• ITVI.USA
    15,536.540
    74.080
    0.5%
  • OTLT.USA
    2.754
    0.002
    0.1%
  • OTRI.USA
    20.490
    -0.180
    -0.9%
  • OTVI.USA
    15,507.170
    69.970
    0.5%
  • TSTOPVRPM.ATLPHL
    3.300
    0.000
    0%
  • TSTOPVRPM.CHIATL
    3.140
    0.190
    6.4%
  • TSTOPVRPM.DALLAX
    1.590
    0.150
    10.4%
  • TSTOPVRPM.LAXDAL
    3.330
    0.020
    0.6%
  • TSTOPVRPM.PHLCHI
    2.170
    0.020
    0.9%
  • TSTOPVRPM.LAXSEA
    4.080
    0.130
    3.3%
  • WAIT.USA
    125.000
    -1.000
    -0.8%
  • ITVI.USA
    15,536.540
    74.080
    0.5%
  • OTLT.USA
    2.754
    0.002
    0.1%
  • OTRI.USA
    20.490
    -0.180
    -0.9%
  • OTVI.USA
    15,507.170
    69.970
    0.5%
  • TSTOPVRPM.ATLPHL
    3.300
    0.000
    0%
  • TSTOPVRPM.CHIATL
    3.140
    0.190
    6.4%
  • TSTOPVRPM.DALLAX
    1.590
    0.150
    10.4%
  • TSTOPVRPM.LAXDAL
    3.330
    0.020
    0.6%
  • TSTOPVRPM.PHLCHI
    2.170
    0.020
    0.9%
  • TSTOPVRPM.LAXSEA
    4.080
    0.130
    3.3%
  • WAIT.USA
    125.000
    -1.000
    -0.8%
American Shipper

CARRIERS, CENSUS RELISH DRAMATIC DECREASE IN PAPER SED FILINGS

CARRIERS, CENSUS RELISH DRAMATIC DECREASE IN PAPER SED FILINGS

   When the ocean carriers imposed a $100 fee last November to handle paper shipper’s export declarations, more exporters and freight forwarders quickly began to file these documents electronically through U.S. Customs’ Automated Export System, or via Census’ free Internet link, AESDirect.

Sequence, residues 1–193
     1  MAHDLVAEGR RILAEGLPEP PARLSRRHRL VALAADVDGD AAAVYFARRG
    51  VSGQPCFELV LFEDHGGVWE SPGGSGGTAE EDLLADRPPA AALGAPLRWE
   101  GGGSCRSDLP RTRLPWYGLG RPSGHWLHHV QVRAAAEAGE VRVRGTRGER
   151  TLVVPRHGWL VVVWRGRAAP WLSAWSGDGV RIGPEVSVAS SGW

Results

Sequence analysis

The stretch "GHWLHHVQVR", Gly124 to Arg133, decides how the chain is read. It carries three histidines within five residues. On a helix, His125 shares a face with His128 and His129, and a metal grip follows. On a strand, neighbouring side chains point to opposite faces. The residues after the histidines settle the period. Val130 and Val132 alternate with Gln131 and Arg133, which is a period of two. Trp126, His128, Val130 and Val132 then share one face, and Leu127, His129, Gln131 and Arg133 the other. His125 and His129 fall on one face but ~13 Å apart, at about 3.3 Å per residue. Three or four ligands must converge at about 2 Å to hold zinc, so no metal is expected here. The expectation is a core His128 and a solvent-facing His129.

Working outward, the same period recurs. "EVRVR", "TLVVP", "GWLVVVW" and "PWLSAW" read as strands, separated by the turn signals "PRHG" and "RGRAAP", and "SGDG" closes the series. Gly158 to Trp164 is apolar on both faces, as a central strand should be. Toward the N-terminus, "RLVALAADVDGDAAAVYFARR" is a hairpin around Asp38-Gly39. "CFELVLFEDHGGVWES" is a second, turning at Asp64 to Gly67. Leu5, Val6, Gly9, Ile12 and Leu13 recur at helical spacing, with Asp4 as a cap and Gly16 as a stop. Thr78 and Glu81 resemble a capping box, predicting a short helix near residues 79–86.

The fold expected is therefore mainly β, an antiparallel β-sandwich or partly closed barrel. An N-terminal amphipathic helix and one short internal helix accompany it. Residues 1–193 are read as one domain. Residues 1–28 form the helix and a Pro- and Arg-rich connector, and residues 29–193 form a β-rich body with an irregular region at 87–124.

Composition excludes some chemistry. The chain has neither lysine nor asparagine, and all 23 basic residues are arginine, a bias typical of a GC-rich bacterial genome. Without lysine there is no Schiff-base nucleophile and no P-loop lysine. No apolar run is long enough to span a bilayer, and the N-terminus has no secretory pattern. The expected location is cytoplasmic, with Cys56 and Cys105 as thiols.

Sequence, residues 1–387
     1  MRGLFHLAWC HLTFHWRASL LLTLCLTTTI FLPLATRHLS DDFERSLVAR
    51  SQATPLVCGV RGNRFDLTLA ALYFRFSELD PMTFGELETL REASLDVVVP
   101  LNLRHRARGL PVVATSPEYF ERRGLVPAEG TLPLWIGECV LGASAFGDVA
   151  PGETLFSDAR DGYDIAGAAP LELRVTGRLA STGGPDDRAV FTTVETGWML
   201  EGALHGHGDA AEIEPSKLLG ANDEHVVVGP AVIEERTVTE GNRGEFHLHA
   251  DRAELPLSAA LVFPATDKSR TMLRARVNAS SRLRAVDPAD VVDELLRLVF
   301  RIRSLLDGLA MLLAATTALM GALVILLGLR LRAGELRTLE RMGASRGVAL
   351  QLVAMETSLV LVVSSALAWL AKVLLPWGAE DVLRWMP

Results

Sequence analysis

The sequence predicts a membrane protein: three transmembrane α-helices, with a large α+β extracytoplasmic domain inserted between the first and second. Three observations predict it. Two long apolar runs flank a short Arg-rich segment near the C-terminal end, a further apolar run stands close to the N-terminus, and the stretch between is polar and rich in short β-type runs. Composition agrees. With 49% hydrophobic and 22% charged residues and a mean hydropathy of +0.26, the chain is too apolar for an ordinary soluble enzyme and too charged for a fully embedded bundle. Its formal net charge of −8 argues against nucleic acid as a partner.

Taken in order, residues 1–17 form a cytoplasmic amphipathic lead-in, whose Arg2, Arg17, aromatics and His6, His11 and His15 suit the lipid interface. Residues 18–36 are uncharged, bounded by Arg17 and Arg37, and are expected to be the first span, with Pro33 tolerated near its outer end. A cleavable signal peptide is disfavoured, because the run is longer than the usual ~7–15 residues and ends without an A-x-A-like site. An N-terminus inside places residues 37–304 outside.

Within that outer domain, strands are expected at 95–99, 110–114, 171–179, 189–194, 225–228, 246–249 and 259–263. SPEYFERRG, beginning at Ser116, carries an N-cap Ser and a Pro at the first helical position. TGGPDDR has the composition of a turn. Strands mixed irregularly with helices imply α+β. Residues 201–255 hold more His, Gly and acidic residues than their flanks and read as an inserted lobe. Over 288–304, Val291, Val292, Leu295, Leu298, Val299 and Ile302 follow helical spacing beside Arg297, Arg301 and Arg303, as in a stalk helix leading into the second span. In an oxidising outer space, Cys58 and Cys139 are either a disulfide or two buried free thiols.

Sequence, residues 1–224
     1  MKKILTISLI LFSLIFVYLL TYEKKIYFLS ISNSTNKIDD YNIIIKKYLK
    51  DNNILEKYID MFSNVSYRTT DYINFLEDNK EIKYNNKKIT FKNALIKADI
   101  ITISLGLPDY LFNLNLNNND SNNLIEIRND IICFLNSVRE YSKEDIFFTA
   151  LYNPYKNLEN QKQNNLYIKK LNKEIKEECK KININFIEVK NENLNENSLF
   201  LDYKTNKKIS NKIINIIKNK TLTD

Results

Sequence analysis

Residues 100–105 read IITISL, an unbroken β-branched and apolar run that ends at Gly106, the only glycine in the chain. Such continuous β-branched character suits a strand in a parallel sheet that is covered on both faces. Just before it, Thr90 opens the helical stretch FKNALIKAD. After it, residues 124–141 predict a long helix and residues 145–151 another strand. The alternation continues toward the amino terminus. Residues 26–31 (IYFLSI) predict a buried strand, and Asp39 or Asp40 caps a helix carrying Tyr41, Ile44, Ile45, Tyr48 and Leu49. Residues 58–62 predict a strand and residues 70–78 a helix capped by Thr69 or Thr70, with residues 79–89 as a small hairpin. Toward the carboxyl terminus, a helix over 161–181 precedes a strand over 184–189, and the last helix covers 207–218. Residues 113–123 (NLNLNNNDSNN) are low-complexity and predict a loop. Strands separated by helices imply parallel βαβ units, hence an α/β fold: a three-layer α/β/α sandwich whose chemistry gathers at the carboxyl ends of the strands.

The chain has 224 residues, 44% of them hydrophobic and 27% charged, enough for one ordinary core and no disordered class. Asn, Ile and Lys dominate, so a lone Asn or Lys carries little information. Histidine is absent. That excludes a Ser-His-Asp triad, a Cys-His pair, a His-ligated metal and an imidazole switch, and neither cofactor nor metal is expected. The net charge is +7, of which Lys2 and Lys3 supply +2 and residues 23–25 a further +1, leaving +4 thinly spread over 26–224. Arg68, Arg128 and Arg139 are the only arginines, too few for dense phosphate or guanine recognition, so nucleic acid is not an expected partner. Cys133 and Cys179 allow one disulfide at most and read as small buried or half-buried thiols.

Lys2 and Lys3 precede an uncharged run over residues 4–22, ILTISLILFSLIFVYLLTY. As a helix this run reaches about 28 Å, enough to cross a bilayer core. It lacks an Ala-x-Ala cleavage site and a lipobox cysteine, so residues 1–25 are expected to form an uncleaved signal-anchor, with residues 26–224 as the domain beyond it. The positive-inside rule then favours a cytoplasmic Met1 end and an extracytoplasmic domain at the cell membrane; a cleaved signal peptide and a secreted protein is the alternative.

Customs uses the data in SEDs to target illegal shipments leaving the country, while Census compiles the data for the country’s international trade statistics.

   As part of the Bureau of the Census/Ocean Carrier Agreement to Eliminate Paper Shipper’s Export Declarations, 42 carriers agreed to help Census promote the use of AES filing by exporters and forwarders. In addition, the carriers developed a $100 fee in their tariffs for those exporters and forwarders that continue to file paper SEDs after Nov. 1.

   The agreement is showing significant results. Census has reported a 83 percent reduction in the number of paper SEDs filed for ocean shipments.

   Carriers have routinely said that they want out of the business of handling paper SEDs. Customs issues carriers penalties of $1,000 for missing SEDs in their manifests. Some carriers said they simply won’t load shippers’ containers without the SEDs.

   Carriers still dedicate lots of staff and other resources to ensure that their shipper customers are complying with the SED rules and on promotion of AES and AESDirect.

   “We have an army of people at our service centers to track down those SEDs,” said Adi Abel, manager of customs and trade processes for Maersk Sealand. “That’s pathetic.”

   Census said it will continue to market AES to the shipping industry. Seminars are scheduled with the industry in Kansas City, Mo., on April 3, and at New York City on    May 23. These seminars also include agency representatives from Office of Foreign Assets Control, Customs and State.

   “We’re constantly out there giving information on how to complete SEDs correctly and how to use AES,” said Dale C. Dickerson of the Census Foreign Trade Division Regulations, Outreach & Education Branch.

   “The outreach is working,” said a carrier executive. “The government couldn’t have made it easier for the industry to automate the export process.”

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